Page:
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Help Me Plan for Retirement

May 30th, 2019 at 02:45 pm

Tomorrow, I will pay my second mortgage payment ever.

$351.98 – Principal
$100 – Extra towards principal
$995.81 – Interest!!!!!!!!
$393.02 – Escrow and PMI
$1840.81 TOTAL

I think it’s horrifying that the interest alone is more than (Principal + Extra to Principal + Escrow + PMI). Why are mortgages so EVIL?!!!???

Anyway, this makes me think even more of a plan that I have forming in my mind. I don’t know if it is smart or foolhardy. Here it is – please give me some advice.

I will be done with all my consumer debt by the end of this year as well as have $10K in EF. I don’t really have much of any other savings. My employer adds a meager amount to retirement savings, but that will cease when I quit my job early next year. While I worked the last 10-ish years to pay off about $60K in high interest consumer debt, I didn’t really save anything for retirement. So, now I have $40K in a retirement account with my employer, and will get a very small pension. Everything else towards retirement needs to be saved going forward.

I want to pay my mortgage off as soon as I can. It’s a 30 year mortgage at 4.5%. I want to pay it off in 10 years on the outside. Hopefully within 8-9 years if I can. If I quit my job, what this will mean is, after EF, sinking funds for major house repairs/entertainment/travel, purchasing my own health insurance, and if I pay $6k/year into an IRA, if I throw everything else at the mortgage, I can pay it down in 10 years or less unless something horrible happens.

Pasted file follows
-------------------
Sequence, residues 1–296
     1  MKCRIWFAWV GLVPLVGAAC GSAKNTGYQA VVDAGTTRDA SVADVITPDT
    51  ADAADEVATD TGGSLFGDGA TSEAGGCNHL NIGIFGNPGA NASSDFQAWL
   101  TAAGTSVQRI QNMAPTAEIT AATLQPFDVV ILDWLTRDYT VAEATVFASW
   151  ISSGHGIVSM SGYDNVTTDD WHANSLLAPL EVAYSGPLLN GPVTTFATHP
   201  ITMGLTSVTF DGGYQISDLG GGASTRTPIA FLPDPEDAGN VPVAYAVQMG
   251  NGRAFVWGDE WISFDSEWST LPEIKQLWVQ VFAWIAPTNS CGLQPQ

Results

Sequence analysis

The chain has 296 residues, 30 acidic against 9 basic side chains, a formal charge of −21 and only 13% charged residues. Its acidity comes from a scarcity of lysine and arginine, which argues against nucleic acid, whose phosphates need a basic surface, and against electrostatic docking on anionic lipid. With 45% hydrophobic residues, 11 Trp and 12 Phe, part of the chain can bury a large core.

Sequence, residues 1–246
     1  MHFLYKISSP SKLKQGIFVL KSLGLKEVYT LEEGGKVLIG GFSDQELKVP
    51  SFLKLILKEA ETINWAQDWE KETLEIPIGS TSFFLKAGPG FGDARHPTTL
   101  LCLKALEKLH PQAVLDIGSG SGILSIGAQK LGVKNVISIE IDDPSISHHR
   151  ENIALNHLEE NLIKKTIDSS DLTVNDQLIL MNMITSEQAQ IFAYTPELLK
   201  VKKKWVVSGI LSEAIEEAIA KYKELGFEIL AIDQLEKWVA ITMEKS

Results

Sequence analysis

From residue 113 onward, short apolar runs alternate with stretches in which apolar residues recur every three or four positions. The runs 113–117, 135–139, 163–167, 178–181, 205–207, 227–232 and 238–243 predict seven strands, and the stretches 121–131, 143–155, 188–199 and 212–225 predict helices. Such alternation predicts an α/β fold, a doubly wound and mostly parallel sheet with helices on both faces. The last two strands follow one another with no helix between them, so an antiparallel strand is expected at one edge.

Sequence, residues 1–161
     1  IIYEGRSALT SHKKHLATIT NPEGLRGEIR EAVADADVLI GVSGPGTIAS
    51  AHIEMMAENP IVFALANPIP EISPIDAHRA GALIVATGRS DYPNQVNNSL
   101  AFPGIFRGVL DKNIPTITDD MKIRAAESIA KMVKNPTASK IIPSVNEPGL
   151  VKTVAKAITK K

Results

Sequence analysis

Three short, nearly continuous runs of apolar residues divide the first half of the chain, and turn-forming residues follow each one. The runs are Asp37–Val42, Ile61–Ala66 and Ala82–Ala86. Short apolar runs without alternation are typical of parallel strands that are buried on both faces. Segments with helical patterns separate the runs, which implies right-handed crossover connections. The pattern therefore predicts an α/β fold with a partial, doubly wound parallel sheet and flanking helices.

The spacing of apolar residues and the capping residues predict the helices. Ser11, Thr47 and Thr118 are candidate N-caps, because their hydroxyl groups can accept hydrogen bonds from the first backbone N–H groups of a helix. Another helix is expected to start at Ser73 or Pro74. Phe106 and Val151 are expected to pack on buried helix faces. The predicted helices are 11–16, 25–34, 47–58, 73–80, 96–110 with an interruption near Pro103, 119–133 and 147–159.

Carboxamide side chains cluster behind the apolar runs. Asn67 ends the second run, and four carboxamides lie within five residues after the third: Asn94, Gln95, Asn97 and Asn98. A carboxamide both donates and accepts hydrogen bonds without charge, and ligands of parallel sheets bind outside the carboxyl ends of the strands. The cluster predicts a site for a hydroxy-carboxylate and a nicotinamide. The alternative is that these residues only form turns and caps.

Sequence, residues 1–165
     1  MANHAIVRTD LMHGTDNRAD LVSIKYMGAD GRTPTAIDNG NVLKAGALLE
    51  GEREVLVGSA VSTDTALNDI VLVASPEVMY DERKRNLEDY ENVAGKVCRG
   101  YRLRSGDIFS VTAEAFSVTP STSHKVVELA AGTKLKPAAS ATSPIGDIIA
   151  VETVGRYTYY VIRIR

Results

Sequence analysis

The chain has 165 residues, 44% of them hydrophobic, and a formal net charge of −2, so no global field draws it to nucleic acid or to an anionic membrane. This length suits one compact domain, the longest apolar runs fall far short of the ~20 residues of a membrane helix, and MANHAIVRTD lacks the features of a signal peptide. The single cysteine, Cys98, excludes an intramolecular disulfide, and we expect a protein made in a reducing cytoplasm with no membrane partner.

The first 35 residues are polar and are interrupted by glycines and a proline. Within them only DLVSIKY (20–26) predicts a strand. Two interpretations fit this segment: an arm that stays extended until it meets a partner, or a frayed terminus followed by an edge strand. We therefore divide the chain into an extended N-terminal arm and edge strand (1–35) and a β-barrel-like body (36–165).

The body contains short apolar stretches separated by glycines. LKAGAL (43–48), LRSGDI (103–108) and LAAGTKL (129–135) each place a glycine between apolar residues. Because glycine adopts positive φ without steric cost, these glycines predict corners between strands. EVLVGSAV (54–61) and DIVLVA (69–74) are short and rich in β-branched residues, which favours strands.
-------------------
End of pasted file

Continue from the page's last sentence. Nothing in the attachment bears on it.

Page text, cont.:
Part of the reason I am planning to leave my job and go into SE full time is that I have a greater earning potential that way compared to doing the same thing in a salaried position. The downside of course is that I can’t predict what will happen – I might have serious health issues, have other things come up that will get in the way of making a good income. This feels like all the more reason to work as hard as I can to pay off the mortgage as fast as I can. If I can have the house paid off, then I plan to purchase a rental property for passive income. Work at the same rate as I am now, use rental income and part of my income to pay off the rental property in the next 10-ish years while saving for retirement simultaneously. Then go semi-retired around 58-60-ish. Even if I don’t buy a rental property, I am pretty frugal, and if I don’t have a house payment, then even if I were not able to work, then I could easily live off very little. If I purchase and pay off the rental property, then I can definitely semi-retire at 60 and would be able to fully retire at 65 with two paid off houses, and a rental income in addition to anything I have saved for retirement by then.

However, I also think it makes fiscal sense to save money for retirement and not throw all my money at the mortgage. I am so torn. What do you all suggest?

6 Responses to “Help Me Plan for Retirement”

  1. crazyliblady Says:

    You need to do both. You also need to save money for emergency savings and also home maintenance expenses.

  2. fireandi Says: